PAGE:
Carolyn Hax: The casualties of a family at war

My husband’s sister and father have butted heads with me the most. She has come between my husband and me on several occasions. I caught her best friend sleeping with him about three years into our relationship — which of course I blame him for the most. When I found out, he left me for her. It lasted for months. I was in a very dark place. About a year later we worked things out, got back together and got married. We have one son and another on the way.

While I was pregnant, my sister-in-law invited us to a party where her friend, the one who slept with my husband, would also be. My husband and I both refused to go, and she threw a tantrum. I set her straight. I told her I would never feel comfortable around this woman and I do not want her anywhere near my husband or my family ever. She said she was sorry and understood.

This Mother’s Day my in-laws and I planned a barbecue at their house. When I showed up, this girl was there. I left. My sister-in-law never apologized. A few days went by, and I decided to text the sister-in-law and I didn’t hold back how I felt. It wasn’t the nicest text and I do not feel bad about it.

Now I am at war with the family because I stood up for myself. I do not want my sister-in-law to be a part of my children’s life. She has no respect for me or my marriage, and I do not want any more problems or for her to have a bad influence on my children.

My husband disagrees and wants her to be a big part of my kids’ lives. What do I do? I am on the verge of asking for a divorce to keep my sanity.

R.: You’re “at war” with the family not because “I stood up for myself,” but because you did by nasty text what mature people handle civilly and in person.

In doing so, you not only escalated a problem you’d previously managed, but also handed the family confirmation of whatever bad impressions they’ve had of you over the years.

It’s important to stand up to bullying. No argument there. It’s your methods that are so problematic — and possibly your readiness to see bullying where there might have been another explanation? This is the sister’s best friend and your husband’s ex, so full erasure likely isn’t possible even if it were desirable, which I’m not sure it is, because an unspoken adult “You don’t scare me anymore, Honey” is always the winning play.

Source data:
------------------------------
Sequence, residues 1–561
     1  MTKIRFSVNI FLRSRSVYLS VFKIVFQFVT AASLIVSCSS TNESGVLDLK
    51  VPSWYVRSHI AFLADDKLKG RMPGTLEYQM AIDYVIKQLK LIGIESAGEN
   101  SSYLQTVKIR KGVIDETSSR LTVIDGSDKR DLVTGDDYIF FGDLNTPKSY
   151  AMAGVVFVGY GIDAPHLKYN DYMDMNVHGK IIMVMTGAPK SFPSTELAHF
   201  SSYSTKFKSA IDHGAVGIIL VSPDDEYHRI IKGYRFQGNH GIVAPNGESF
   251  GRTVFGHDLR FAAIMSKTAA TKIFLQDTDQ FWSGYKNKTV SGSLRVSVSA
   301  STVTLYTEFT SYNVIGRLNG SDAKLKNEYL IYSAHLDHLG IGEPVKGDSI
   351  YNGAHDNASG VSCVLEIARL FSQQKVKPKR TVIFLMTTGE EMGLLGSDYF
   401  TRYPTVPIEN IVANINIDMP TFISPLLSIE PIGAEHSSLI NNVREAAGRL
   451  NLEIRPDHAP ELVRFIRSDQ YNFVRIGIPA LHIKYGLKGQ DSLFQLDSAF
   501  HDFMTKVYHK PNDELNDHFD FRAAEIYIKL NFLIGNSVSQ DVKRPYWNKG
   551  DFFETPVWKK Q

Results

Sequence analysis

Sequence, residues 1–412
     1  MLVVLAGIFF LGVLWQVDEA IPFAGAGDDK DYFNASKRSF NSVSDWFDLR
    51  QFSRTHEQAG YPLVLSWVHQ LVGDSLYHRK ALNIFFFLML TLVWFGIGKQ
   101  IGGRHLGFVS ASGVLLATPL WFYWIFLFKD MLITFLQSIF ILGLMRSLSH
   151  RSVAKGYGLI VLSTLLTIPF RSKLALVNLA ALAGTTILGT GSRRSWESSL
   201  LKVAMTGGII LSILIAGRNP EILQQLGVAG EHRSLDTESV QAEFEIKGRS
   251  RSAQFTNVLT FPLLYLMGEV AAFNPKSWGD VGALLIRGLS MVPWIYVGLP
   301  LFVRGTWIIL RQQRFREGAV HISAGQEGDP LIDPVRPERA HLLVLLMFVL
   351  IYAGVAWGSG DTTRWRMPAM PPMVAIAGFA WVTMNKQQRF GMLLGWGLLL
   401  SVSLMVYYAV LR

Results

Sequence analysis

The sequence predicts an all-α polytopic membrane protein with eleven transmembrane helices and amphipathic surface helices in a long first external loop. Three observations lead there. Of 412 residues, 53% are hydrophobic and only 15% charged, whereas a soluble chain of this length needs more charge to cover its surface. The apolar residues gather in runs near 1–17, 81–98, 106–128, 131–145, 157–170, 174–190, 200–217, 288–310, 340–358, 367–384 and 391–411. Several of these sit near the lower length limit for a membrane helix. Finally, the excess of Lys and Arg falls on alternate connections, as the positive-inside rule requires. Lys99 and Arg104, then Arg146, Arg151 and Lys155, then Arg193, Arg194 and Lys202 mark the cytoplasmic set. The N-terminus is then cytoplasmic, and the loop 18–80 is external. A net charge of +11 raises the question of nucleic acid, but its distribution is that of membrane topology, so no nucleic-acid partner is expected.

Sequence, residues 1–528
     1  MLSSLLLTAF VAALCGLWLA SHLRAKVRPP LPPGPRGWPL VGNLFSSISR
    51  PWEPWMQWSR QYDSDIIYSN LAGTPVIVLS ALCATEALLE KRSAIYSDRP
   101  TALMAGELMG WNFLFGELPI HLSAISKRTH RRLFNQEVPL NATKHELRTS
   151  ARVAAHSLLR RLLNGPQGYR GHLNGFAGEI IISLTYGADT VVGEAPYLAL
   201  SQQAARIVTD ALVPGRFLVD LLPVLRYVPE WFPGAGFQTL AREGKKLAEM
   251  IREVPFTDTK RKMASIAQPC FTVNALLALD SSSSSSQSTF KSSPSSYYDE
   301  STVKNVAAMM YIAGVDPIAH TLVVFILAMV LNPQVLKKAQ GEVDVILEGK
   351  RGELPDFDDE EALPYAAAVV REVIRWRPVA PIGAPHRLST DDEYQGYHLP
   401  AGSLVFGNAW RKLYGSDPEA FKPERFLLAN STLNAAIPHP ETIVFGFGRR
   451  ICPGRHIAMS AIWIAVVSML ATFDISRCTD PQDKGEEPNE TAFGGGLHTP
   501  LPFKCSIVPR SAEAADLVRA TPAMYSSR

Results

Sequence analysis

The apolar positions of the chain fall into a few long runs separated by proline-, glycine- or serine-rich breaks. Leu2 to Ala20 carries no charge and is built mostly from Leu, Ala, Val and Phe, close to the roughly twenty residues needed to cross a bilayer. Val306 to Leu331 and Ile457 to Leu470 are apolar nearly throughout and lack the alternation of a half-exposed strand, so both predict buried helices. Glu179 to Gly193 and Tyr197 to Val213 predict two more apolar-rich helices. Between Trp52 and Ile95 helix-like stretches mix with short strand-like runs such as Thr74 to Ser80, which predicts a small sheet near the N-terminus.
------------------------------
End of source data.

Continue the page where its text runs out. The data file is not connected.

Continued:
To wit, some responses that hold the high ground:

1. Walk into barbecue, see the best friend, calmly say hello. If she doesn’t leave fairly soon, then tell your husband or sister-in-law or the friend herself that you’re not comfortable with her there. Afterward, to the sister, also calmly: “I thought we’d settled this,” and let her explain. One stand taken, zero casualties.

2. If you’re still riled up after a few days, then text the sister, “Still thinking about this weekend. Are you free to meet?” Know beforehand what you’re asking and why.

3. Or, talk to your husband about what happened, how to handle it, who says what to the sister and when, and how you’ll respond next time — and make a plan you can stick to.

This isn’t to say calm-and-civil-robot is the only acceptable emotional gear. Sometimes you’re going to be the pregnant lady who realizes her [smirking] sister-in-law brought the [gosh-darn] [best friend] AGAIN to the [gosh-darn] party YOU [gosh-darn] organized, and who loses her [gosh-darn] [composure].

But when you’re pushed there, you hit a crossroads: You either serve your family, priorities and dignity, starting with a clear apology for losing your [gosh-darn] [composure] and following up — your husband at your side — with a reiteration of the larger point, whatever you jointly decide that is; or you double down on your tantrum and wreck it all, four kids’ home included.

At which point it won’t be a head-butting father-in-law or a boundary-testing sister-in-law or the other-woman-friend or even your once-unfaithful now-husband “com[ing] between us” or showing “no respect for . . . my marriage.” It’ll be you. Proving right everyone who saw you as your husband’s bad idea.

Stop trying to “win” and prove yourself right. Instead: Breathe. Picture the outcome you want, think what’s fair for you and your husband to ask of yourselves and each other — then talk your marriage to that. In counseling if possible. Do nothing lightly or in pique.